Since the thickness d must be selected to be very small, a problem, which is similar to the above mentioned problem of the deleterious crosstalk, also arrises in the device 71 of FIG. 7.

Under such circumstances, the above mentioned phase-matching layers, such as, the layers 42, 42', 43 and 43', will also be very effective for solving the above mentioned problem. Thus, the arrangement shown in FIG. 9 is preferable for the device 72. FIG. 9 is a cross-sectional view of the optical waveguide device, including the magneto-optic crystal, based on the first embodiment (FIGS. 4, 5, 6A and 6B) of the present invention. In this figure, the members 71 and 72 have already been explained with reference to FIG. 8. Members 92, 93, 92' and 93' are phase-matching layers which are functionally similar to, respectively the phase-matching layers 42, 43, 42' and 43' shown in FIG. 6B according to the first embodiment. The layers 92 and 92' have the same refractive index as n1, the layers 93 and 93' have the same refractive index as n2, and the thickness (t) of these layers and the refractive indexes (n) satisfy the above recited equation (10). Thus, the device 71, which can be driven by a low strength magnetic field, is realized by decreasing the thickness d thereof, without producing deleterious crosstalk. In the prior art, it is necessary to induce the magnetic field H to about 2,500 Oe(Oerded) in the magneto-optic crystal, comprising a 45-Faraday effect element. Contrary to this, according to the device shown in FIG. 9, the magnetic field can be reduced to about 100 Oe, in which the length l is 2 mm, the thickness d is 60 μm and light having a wavelength of 1.3 μm is used.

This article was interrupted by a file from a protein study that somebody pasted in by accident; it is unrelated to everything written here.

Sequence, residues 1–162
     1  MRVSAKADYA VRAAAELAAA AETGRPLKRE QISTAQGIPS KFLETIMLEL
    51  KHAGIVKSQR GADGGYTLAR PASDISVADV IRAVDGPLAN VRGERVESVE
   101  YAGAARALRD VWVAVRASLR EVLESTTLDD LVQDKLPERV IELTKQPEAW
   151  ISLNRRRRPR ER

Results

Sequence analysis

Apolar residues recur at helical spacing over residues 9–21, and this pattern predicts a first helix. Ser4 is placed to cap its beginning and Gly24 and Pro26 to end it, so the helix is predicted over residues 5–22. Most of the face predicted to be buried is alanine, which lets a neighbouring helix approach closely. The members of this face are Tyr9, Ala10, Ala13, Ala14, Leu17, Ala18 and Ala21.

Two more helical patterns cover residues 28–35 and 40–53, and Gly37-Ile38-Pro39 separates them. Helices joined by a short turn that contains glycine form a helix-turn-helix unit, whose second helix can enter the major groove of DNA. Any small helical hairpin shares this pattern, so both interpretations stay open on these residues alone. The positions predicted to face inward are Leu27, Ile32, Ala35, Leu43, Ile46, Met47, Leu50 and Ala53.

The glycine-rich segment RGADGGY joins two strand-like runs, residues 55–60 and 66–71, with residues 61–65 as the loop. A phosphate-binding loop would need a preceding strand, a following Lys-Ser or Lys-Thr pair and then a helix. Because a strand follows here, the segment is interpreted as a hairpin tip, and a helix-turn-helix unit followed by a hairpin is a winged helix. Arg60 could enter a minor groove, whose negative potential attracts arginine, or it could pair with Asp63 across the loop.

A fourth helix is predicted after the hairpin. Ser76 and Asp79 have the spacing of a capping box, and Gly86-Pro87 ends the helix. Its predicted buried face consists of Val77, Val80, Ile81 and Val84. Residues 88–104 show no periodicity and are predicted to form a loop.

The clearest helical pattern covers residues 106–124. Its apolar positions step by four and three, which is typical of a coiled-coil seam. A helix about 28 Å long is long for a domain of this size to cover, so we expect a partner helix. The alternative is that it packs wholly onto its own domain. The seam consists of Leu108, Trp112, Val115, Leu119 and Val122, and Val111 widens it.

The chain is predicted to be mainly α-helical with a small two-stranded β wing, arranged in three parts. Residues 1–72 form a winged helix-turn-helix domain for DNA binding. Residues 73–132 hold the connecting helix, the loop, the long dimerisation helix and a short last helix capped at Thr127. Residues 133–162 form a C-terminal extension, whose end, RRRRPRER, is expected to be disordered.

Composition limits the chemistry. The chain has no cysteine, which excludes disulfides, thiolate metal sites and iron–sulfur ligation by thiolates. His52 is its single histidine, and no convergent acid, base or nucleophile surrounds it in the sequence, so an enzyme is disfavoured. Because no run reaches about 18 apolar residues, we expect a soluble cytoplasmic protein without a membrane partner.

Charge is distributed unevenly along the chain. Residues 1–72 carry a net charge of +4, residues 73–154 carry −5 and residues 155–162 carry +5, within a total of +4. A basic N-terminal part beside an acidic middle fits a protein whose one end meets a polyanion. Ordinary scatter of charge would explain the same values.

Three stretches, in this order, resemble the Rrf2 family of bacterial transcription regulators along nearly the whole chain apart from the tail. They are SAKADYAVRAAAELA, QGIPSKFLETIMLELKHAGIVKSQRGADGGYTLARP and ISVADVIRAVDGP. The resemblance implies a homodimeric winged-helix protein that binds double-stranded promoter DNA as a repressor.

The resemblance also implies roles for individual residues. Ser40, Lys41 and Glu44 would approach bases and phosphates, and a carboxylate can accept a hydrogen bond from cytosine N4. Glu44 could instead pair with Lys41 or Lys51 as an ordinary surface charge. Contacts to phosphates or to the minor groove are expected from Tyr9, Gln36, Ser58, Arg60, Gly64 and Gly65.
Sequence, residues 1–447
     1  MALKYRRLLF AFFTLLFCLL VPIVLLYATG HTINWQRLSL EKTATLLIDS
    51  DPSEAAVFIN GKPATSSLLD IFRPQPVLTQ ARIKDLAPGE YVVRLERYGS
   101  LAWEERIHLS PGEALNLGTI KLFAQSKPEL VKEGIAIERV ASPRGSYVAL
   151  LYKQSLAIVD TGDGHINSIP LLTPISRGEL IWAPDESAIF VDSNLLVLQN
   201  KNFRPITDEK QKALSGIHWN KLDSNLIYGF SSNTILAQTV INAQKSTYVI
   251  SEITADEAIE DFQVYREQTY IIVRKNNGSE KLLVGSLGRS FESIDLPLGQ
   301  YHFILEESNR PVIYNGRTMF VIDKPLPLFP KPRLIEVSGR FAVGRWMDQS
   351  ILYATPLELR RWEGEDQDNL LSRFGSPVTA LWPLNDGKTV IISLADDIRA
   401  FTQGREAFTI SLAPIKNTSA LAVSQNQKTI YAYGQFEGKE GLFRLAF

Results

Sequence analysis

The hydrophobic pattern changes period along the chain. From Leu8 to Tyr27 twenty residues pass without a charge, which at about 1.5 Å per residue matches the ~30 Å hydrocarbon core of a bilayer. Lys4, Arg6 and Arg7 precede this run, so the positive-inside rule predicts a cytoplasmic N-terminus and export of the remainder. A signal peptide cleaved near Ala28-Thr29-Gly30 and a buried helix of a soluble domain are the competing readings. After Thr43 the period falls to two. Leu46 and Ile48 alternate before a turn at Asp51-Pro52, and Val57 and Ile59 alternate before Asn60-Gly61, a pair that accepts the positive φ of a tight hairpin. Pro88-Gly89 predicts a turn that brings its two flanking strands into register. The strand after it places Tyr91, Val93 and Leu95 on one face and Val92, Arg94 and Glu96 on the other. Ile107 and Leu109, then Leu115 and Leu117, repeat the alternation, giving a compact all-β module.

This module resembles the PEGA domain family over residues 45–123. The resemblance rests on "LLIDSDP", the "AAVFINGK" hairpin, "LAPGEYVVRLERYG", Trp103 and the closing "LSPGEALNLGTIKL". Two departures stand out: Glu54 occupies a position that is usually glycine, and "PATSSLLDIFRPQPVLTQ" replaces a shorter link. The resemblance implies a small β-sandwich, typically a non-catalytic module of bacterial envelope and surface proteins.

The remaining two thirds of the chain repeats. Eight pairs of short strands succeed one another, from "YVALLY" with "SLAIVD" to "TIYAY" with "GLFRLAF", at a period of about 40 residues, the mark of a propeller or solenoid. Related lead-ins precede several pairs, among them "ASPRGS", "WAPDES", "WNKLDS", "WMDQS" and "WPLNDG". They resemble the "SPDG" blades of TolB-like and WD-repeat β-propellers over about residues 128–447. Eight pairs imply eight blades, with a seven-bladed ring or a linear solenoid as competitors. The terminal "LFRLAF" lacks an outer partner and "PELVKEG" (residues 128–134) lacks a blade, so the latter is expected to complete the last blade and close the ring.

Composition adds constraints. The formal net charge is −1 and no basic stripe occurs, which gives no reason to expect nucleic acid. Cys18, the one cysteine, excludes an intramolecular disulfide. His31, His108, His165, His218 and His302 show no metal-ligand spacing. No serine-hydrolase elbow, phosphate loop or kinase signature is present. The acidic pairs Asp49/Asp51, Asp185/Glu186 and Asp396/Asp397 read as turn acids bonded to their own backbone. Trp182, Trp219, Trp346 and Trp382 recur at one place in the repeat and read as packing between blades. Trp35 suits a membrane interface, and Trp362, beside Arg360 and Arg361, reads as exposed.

FIG. 10 is a cross-sectional view, partially cut off, of an optical waveguide device according to a second embodiment of the present invention. The device 100 has three phase-matching layers on each of the top and bottom surface of transparent waveguide member 11. The transparent waveguide member 11 may be the electro-optic or magneto-optic crystal. The three phase-matching layers are represented by the reference numerals 102 (102'), 103 and 104. The layers 102, 103 and 104 have refractive indexes of n1, n2 and n3, respectively. The refractive index of the member 11 is n0. In the second embodiment, the refractive indexes n0n3 are defined so as to satisfy the following inequalities (12) and (13).

n1<n0<n2                                                   (12)